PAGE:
When I used the Google Scholar research database for the first time, I realized that Arabic research was discriminated against.
I noticed that while the site notes the number of times research written in English is cited by other researchers, it does not do the same for scholarly work published in Arabic.
I have to wonder what the linguistic and technical barriers were that prevented a big corporation like Google from offering this service for Arabic research.
The dominance of English in prestigious international journals is one of the main reasons—but this presents a problem that will always unfairly suppress Arabic research. As a result, papers published in Arabic are not used by industry, and their findings are not available to other scientists.
This has also created a system in which, for young Arabic researchers, scientific theft and plagiarism are easy. They can get access to other papers easily and copy the ideas or the text but their supervisors often don’t have the means or the skills to check to see if the research is unique. To guard against that, many universities have a policy of restricting access to research produced by their academics, hoping such restrictions will protect researchers from copycats.
However, it is possible to grant full access to research papers without the authors having to fear the theft of their work. Plagiarism detection software is now available for the Arabic language. For example, the E-MAREFA online database makes is possible to search 223,000 files, including research papers, essays and theses.
In addition to this, new research recently provided another way to detect plagiarism using what is called “rhetorical structure theory.” Because this theory also introduces a new way to analyze the coherence of a text, the development of software using this method is likely to speed the adoption of a way to measure the importance of Arabic research using what is called an “impact factor.”
An impact factor is the average number of times within the last two years that a paper has been cited by other researchers in their papers’ footnotes. A high impact factor shows that a piece of research or a journal has been much discussed or referred to by specialists in that field.
Unfortunately, there has been no international interest in creating an impact factor specifically for Arabic journals. Such an impact factor would, I hope, address the imbalance that our mother language suffers, and place current Arabic journals in the spotlight.
If an Arabic impact factor were to be widely adopted, it would rescue forgotten research papers currently buried in filing cabinets. If important older papers got high impact factors, scholars might look at them in a new light. The revival of older papers might also expose those who have tried to build careers by reproducing old research.
An Arabic impact factor would encourage scientists and scholars to undertake local and regional research, which rarely appeals to the English journals that rule the world now. This lack of interest from English journals has caused many Arab scientists to neglect their countries’ research needs.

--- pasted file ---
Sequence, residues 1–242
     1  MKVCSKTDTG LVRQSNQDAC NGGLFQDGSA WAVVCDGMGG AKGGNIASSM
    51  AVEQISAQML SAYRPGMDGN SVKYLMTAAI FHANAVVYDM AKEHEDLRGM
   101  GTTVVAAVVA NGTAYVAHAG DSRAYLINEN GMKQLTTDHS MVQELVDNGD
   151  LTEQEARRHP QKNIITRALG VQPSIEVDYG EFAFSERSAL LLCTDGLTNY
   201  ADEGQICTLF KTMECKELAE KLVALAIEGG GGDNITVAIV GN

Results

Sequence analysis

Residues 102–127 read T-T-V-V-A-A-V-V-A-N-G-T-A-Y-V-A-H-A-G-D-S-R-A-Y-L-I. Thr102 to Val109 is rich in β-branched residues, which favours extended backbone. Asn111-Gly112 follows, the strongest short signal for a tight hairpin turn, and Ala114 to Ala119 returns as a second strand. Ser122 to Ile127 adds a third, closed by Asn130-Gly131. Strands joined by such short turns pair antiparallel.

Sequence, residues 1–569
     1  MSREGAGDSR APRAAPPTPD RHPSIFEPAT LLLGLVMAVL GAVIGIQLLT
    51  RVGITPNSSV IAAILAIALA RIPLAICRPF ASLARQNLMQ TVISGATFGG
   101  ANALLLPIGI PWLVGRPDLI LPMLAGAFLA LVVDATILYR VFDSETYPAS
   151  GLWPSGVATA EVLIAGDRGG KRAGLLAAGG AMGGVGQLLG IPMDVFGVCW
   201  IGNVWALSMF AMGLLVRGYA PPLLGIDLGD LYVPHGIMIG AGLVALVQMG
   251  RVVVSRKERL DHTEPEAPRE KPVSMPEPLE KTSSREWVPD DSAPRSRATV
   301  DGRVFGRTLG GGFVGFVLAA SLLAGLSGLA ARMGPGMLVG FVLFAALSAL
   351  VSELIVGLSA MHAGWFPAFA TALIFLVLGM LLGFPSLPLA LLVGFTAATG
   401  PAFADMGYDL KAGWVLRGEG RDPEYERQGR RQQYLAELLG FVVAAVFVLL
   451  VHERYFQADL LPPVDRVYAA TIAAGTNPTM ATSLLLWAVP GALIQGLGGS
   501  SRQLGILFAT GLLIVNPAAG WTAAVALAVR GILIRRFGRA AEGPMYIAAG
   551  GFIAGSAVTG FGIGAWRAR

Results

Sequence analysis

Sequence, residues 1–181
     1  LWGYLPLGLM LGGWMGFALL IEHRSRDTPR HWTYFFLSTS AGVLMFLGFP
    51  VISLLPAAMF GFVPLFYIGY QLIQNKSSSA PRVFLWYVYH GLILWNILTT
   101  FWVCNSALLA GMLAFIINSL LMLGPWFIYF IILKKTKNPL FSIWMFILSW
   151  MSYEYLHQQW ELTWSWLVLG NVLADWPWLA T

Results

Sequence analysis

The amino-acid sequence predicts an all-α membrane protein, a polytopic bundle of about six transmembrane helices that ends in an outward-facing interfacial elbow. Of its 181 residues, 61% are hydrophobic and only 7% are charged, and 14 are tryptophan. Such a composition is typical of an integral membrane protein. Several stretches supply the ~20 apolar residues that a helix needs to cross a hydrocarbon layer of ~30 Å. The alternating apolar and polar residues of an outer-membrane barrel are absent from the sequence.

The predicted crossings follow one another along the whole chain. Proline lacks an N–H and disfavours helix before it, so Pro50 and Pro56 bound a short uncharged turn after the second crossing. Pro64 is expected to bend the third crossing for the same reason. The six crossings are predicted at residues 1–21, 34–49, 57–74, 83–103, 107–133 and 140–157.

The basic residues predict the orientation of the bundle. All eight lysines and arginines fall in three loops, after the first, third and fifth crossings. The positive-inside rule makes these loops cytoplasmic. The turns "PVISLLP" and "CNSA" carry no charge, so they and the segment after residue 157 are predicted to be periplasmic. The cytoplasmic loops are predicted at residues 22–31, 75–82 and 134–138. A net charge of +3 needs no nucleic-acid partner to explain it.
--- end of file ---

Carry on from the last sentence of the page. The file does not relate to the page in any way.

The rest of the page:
When adopting an Arabic impact factor, we should be careful to ensure that it measures the quality of the scientific journals in which papers are published. We should not count when a paper is mentioned in editorials or bibliographic surveys. The purpose of journals is not just to mention and rehash a previous paper, but to continue and advance the discussion.
The classification of journals is perhaps one of the most important issues to ponder when designing an Arabic impact factor. That classification will influence a journal’s “credibility” and also the promotion of faculty members at Arab universities, based on which papers the professors publish in.
An Arabic measure of impact factor would also avoid being taken in by self-citation, when an author cites from one of his or her former works, or when the author makes irrelevant citations from the work of supervisors.
An Arabic impact factor could help to create links between scientific research centers and decision-making centers, since it would help all to see the important work of their fellow researchers at other institutions.
We may wonder if research institutions in Arab countries really care about research papers, and whether they aim to influence policymaking, planning, and decision-making. The UNESCO Science Report 2010 included discouraging reports from Arab countries saying that whenever they have science and technology strategies, “they usually lack the concept of innovation, primarily due to the weak links between research and development activities in the public and private sectors.” So, are we going to see a different report this year, or even in 2020?
I hope we will soon create an Arabic impact factor that is capable of competing with the international impact factors. It is needed to put each successful Arabic journal in the place it deserves, and to give policymakers a better context to decide how important a piece of research is. That would represent the beginnings of an Arabic scientific-research renaissance.
*Saleh Al-Shair holds a Ph.D. in Arabic Linguistics from Cairo University and has worked in university teaching. He has published a number of refereed papers in his specialty. His biography was included in the Al-Babtain Dictionary of Contemporary Arab Poets.